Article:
4 Gain – Method 2: Lemma (Continued) 1. ROUT: We use the following small signal model to derive the small signal output impedance of this amplifier: v1 = −i X ⋅ RS v X = i X ⋅ RS + (i X − g m ⋅ v1 − g mb ⋅ vBS ) ⋅ rO RX = .Source Degeneration . vBS = −i X ⋅ RS = i X ⋅ RS + (i X − g m ⋅ (− i X ⋅ RS ) − g mb ⋅ (− i X ⋅ RS )) ⋅ rO vX = RS + (1 + g m ⋅ RS + g mb ⋅ RS ) ⋅ rO = RS + (1 + ( g m + g mb ) ⋅ RS ) ⋅ rO iX ROUT = RX RD = (RS + (1 + ( g m + g mb ) ⋅ RS )⋅ rO ) ⋅ RD (RS + (1 + ( g m + g mb ) ⋅ RS ) ⋅ rO ) + RD • Since typically rO>>RS: RX = RS + (1 + ( g m + g mb ) ⋅ RS ) ⋅ rO = (1 + ( g m + g mb ) ⋅ RS ) ⋅ rO = (g m + g mb ) ⋅ RS ⋅ rO SM Set 3: Single-Stage Amplifiers 38 .

5 Gain – Method 2: Lemma (Continued) Gm = ROUT = g m ⋅ rO rO (1 + ⋅(g m + g mb ) ⋅ RS ) + RS (RS + (1 + ( g m + g mb ) ⋅ RS ) ⋅ rO ) ⋅ RD RS + (1 + ( g m + g mb ) ⋅ RS ) ⋅ rO + RD (r + (1 + g m ⋅ rO + g mb ⋅ rO ) ⋅ RS )⋅ RD g m ⋅ rO ⋅ O rO + rO ⋅ (g m ⋅ RS + g mb ⋅ RS ) + RS rO + (1 + g m ⋅ rO + g mb ⋅ rO ) ⋅ RS + RD Av = −Gm ⋅ ROUT = − = − g m ⋅ rO ⋅ RD rO + (1 + ( g m + g mb ) ⋅ RS ) ⋅ rO + RD SM Set 3: Single-Stage Amplifiers 39 .Source Degeneration .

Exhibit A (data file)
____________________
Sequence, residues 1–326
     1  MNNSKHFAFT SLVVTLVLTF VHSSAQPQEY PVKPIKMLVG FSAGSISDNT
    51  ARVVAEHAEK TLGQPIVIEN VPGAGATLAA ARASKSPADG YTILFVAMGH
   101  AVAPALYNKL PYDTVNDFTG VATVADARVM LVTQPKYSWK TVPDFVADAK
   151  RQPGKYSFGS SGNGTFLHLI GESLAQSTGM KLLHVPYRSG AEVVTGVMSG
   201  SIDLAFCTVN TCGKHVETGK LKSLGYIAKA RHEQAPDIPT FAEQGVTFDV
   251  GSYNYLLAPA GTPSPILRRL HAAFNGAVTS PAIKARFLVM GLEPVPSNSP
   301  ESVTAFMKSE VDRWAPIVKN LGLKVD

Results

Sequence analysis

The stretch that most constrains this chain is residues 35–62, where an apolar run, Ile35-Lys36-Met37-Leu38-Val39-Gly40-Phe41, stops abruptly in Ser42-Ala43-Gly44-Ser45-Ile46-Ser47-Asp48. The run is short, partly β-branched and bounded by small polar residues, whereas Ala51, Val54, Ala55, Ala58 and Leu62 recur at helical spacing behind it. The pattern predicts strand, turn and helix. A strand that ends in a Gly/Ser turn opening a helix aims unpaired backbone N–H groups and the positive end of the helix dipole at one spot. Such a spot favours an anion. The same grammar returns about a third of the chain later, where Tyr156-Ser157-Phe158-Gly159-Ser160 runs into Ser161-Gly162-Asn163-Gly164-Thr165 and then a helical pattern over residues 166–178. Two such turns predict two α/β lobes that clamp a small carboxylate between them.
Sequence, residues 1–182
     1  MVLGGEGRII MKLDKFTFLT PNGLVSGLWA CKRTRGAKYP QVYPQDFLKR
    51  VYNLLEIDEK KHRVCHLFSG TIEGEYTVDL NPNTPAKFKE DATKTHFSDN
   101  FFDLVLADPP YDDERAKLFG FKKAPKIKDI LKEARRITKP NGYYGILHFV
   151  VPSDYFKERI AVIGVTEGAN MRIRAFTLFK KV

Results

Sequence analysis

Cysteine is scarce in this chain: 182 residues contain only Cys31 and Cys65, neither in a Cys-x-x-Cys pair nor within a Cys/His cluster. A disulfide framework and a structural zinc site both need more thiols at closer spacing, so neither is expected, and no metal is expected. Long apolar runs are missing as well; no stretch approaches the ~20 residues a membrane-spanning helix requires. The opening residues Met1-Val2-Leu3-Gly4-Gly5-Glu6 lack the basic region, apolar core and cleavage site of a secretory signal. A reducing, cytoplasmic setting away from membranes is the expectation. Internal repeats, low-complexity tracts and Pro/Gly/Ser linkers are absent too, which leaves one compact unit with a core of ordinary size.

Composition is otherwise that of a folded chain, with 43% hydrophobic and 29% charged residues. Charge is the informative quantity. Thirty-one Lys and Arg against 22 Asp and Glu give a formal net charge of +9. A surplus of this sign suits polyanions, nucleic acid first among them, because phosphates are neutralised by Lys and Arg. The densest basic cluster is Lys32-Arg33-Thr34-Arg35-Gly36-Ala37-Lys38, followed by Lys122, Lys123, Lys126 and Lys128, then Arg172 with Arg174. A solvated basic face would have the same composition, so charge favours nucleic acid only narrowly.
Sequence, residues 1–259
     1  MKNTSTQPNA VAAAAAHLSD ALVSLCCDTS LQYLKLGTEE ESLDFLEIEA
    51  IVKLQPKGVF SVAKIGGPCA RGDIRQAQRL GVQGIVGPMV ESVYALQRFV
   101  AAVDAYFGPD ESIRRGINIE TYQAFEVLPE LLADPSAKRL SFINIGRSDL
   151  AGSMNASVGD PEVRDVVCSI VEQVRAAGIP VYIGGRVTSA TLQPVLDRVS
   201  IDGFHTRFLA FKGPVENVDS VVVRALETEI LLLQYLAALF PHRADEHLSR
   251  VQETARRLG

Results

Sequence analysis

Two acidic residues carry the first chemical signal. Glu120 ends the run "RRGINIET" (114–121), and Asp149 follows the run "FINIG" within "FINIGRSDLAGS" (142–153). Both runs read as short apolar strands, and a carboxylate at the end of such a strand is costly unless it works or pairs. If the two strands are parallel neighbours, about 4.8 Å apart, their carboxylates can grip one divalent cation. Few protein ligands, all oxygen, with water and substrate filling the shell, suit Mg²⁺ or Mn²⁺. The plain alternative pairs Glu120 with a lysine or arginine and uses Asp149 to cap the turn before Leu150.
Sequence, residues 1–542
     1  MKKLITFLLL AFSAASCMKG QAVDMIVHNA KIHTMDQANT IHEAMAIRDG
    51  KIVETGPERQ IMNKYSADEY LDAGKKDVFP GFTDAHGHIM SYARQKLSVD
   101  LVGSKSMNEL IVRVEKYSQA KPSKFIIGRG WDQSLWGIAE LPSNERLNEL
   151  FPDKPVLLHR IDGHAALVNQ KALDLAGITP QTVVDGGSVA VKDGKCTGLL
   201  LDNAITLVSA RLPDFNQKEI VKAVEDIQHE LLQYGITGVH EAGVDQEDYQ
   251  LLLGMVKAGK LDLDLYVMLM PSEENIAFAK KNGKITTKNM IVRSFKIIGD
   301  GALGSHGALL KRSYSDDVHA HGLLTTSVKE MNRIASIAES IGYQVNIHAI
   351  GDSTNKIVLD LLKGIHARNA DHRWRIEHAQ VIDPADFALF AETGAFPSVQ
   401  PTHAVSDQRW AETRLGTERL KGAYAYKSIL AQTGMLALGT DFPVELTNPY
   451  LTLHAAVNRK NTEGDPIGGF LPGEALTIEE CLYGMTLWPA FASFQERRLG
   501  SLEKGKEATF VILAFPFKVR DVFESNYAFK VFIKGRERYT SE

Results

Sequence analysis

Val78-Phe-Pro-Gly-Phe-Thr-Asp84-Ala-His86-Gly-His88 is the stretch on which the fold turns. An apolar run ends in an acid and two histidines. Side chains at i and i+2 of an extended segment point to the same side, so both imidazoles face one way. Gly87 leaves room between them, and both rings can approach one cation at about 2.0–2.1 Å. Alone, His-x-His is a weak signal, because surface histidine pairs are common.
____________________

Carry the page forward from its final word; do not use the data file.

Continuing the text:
6 • If we ignore body effect and channel-length modulation: Method 1 – Small-signal Model: v OUT = −g ⋅ v ⋅ R m GS IN D . v = v − g ⋅v ⋅ R GS IN m GS S v =v ⋅ GS 1 1+ g ⋅ R m → A = v S v v OUT = IN − g ⋅R 1+ g ⋅ R m D m S Method 2 – Taking limits: g ⋅r g G = ro lim = →∞ ⋅ R ) + R 1 + (g + g g mb →0 r + r ⋅ ( g ⋅ R + g m O m m O O m S mb S S m mb )⋅ R = S g 1+ g ⋅ R m m S D S R OUT lim = ro →∞ g mb →0 (r + (1 + g r + (1 + g O O OUT m m ⋅ r + g ⋅ r ) ⋅ R ) ⋅ R (1 + ( g + g ) ⋅ R ) ⋅ R = =R ⋅ r + g ⋅ r )⋅ R + R 1 + (g + g ) ⋅ R O mb O S D m mb O mb O S D m mb S D D A = −G ⋅ R v m = − g ⋅R 1+ g ⋅ R m m S SM Set 3: Single-Stage Amplifiers 40 .Source Degeneration .

v = v − g ⋅v ⋅ R GS IN m GS S v =v ⋅ GS IN 1 1+ g ⋅ R m → G = m S i g = v 1+ g ⋅ R D m IN m S 2.Source Degeneration . ROUT: v = −g ⋅ v ⋅ R GS m GS S → v =0 GS X i = X v v + g ⋅v = R R X m GS D D R OUT = v =R i X X m D A = −G ⋅ R v OUT = − g ⋅R 1+ g ⋅ R m D m S SM Set 3: Single-Stage Amplifiers 41 .7 Obtaining Gm and Rout directly assuming λ=γ=0: 1. Gm: i = g ⋅v D m GS .